5 Vision Long Term Financial Health & Sustainability The City of Winnipeg s Aa1 rating and stable outlook is supported by a disciplined fiscal plan, which has led to improving debt and debt servicing ratios. Over the past several years, the city has restructured its fiscal planning process, including the introduction of multi-year budgeting plans. These efforts have enabled Winnipeg to post a series of positive operating outcomes, which has helped the city improve debt ratios. The rating also reflects Winnipeg s diverse economy, which provides a degree of stability to the city s tax base. Credit Analysis, Moody s Investors Service, January 2010 Current Reality An updated Financial Management Plan is required as a blueprint for financial decision-making during the next term of Council. Property taxes are now below the average of other Canadian cities. Expenditures have been managed within inflationary targets significant spending increases have occurred in public safety services by ensuring other public services are operated efficiently and by reducing costs for internal services. The City s large unfunded infrastructure deficit needs to be addressed requiring a strengthened revenue structure along with the need for more debt. Capital investment will need to be prioritized and environmental sustainability should be considered as a factor in this decision-making. Moving Forward The Financial Management Plan guides prudent financial decision making in support of City Council s approved plans, programs and projects. It is an integrated part of the OurWinnipeg planning framework by supporting the City s vision: Living and Caring Because we Plan on Staying. It also aligns with OurWinnipeg by supporting: A city that works: The "basics" matter: public safety, water quality, wastewater and transportation infrastructure, and public amenities and facilities are the essentials to keeping people healthy. To this end, the Financial Management Plan supports sound and forward-looking financial management of our assets. A sustainable city: Sustainability is part of how the City does business, and is reflected in policies and programs that respect and value the natural and built environments, protecting our city's natural areas and heritage resources. Our financial decisions should be based on understanding the longterm implications direct and indirect of our activities. Quality of life: Opportunity, vitality and creativity are examples of social aspects of our community that are critical to our overall well-being. The City is committed to collaborating within its mandate with other governments and service providers. The Financial Management Plan is cognizant of and responsive to social priorities including affordability and equity. This Financial Management Plan establishes the framework for the City s overall financial planning and management, and the renewed goals are: 1. Promote economic growth 2. Support environmental sustainability 3. Maintain infrastructure assets 4. Manage debt 5. Manage expenditures 6. Ensure a sustainable revenue structure 7. Support a competitive tax environment 8. Ensure adequate reserves Each goal is accompanied by a target and a measure. The City commits to reporting regularly to Winnipeg s citizens on its progress in meeting these goals. three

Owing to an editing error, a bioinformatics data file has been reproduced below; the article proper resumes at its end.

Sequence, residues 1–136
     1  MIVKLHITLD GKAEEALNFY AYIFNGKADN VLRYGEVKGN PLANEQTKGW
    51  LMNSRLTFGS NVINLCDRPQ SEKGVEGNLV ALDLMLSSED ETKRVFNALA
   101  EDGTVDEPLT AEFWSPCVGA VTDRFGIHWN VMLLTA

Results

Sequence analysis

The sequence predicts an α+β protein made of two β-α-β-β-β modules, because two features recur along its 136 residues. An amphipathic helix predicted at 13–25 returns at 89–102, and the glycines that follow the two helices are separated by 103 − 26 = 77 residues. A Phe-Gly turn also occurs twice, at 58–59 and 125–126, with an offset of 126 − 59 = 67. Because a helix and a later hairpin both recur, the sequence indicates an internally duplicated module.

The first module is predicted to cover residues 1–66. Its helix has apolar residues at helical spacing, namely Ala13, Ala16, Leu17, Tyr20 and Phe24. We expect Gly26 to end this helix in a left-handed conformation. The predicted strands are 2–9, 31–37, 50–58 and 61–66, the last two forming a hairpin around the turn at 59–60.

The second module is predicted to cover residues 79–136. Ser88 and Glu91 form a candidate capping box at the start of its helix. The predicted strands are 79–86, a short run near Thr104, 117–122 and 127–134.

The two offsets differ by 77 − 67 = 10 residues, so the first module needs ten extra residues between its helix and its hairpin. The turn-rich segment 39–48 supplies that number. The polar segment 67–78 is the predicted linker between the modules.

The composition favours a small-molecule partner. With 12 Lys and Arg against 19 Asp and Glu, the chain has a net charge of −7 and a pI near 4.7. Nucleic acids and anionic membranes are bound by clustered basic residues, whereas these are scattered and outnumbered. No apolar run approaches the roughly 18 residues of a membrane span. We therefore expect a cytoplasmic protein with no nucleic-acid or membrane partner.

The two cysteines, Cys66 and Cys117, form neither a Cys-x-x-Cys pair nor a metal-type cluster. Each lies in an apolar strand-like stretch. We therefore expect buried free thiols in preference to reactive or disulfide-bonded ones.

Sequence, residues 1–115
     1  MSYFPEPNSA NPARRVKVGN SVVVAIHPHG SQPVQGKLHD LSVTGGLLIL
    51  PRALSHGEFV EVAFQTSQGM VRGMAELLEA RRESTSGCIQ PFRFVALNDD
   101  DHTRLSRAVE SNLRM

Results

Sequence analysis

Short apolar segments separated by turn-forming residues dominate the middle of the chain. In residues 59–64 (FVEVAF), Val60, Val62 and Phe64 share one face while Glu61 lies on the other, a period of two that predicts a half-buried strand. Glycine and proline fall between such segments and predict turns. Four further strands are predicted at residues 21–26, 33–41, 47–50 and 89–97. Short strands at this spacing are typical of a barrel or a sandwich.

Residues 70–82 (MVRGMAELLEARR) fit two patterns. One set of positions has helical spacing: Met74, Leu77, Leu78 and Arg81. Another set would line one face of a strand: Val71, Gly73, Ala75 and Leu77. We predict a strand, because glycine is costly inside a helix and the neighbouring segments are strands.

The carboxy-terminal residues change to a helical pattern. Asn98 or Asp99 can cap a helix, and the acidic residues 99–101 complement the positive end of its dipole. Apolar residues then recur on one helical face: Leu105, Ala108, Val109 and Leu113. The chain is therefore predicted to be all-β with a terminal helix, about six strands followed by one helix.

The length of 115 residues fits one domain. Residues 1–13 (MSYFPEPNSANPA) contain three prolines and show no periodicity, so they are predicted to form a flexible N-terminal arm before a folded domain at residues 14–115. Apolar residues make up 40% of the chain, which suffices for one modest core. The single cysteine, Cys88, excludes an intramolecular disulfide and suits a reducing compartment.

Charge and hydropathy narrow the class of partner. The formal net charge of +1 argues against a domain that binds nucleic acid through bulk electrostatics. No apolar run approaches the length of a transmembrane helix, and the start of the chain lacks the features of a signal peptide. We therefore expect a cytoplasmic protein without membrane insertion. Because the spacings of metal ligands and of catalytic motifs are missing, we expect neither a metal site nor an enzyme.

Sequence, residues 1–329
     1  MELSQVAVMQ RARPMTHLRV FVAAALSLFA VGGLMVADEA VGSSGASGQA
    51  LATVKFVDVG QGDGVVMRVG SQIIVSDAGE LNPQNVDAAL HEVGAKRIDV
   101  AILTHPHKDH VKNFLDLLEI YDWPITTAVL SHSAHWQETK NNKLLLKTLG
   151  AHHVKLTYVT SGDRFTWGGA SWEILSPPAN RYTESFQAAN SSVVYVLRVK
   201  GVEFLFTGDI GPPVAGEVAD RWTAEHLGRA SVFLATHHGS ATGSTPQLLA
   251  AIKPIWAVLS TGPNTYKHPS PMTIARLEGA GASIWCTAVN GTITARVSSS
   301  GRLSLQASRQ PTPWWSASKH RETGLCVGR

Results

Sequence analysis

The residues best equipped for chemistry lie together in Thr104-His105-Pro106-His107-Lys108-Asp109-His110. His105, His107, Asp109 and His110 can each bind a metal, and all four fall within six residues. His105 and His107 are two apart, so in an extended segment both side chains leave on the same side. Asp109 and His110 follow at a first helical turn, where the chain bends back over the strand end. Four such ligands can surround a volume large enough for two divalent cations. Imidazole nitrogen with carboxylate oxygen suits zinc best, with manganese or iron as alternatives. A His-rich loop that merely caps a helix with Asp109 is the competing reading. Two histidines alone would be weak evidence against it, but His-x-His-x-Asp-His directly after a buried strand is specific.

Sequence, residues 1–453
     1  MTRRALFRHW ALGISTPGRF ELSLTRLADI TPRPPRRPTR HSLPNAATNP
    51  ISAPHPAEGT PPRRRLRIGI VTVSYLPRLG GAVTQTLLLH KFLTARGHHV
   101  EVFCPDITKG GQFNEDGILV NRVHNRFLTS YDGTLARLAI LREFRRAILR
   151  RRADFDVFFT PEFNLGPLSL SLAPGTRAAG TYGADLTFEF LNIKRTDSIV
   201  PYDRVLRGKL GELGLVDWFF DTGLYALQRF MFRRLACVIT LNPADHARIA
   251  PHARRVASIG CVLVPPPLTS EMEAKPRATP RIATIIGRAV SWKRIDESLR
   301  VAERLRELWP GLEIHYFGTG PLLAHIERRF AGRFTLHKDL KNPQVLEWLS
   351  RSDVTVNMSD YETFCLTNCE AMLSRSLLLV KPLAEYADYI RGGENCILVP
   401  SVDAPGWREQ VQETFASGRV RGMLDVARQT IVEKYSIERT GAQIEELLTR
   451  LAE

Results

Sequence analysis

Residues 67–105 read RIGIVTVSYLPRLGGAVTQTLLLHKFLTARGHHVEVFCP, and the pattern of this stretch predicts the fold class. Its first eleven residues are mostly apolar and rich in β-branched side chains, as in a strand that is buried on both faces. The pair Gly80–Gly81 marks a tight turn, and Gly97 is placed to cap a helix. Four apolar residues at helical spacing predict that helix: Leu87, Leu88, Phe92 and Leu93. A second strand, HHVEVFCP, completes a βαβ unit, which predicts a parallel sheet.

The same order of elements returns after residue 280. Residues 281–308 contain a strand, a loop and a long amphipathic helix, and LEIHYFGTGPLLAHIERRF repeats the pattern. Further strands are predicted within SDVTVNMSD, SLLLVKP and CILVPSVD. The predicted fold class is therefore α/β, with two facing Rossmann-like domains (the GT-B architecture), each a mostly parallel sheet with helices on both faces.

6 TARGET: Increase assessment base Economic Initiatives Partnerships CentreVenture Economic Development Winnipeg Winnipeg Convention Centre True North Entertainment Mid-Continent Trade Corridor The Forks North Portage Partnership Other levels of government Liaison Business Community Business Improvement Zones Film and Culture Community-based Organizations 1 Promote Economic Growth The City s ability to support the growth of its existing business community and the community at large as well as attract new businesses and people is key to the future economic prosperity for Winnipeg and its citizens. Standard & Poor s Credit Rating from March 2010 states, The City s well-diversified economy confers a higher degree of protection from external economic shocks. Winnipeg is forecast to grow by 180,000 people by A growing population provides us with the opportunity to think more strategically about ways to accommodate residential, employment, commercial and other kinds of growth. OurWinnipeg and the Complete Communities Direction Strategy take a collaborative and enabling approach to guiding growth to where it can have positive social, economic and environmental results. Renewed planning policies and implementation tools will align with and further support ongoing economic development initiatives such as: Emerging Neighbourhoods (ie: Waverley West, Sage Creek, Kildonan Green) Commercial Destinations CentrePort Rapid Transit Portage Avenue Action Strategy Heritage Tax Credits Downtown Residential Development Grant Program Canadian Museum for Human Rights Aboriginal Initiatives Football Stadium Funding Economic Development, Heritage and Housing Rehabilitation Investment Reserves Multi-Family Dwelling Reserve and home tax credit programs Growth in assessment base four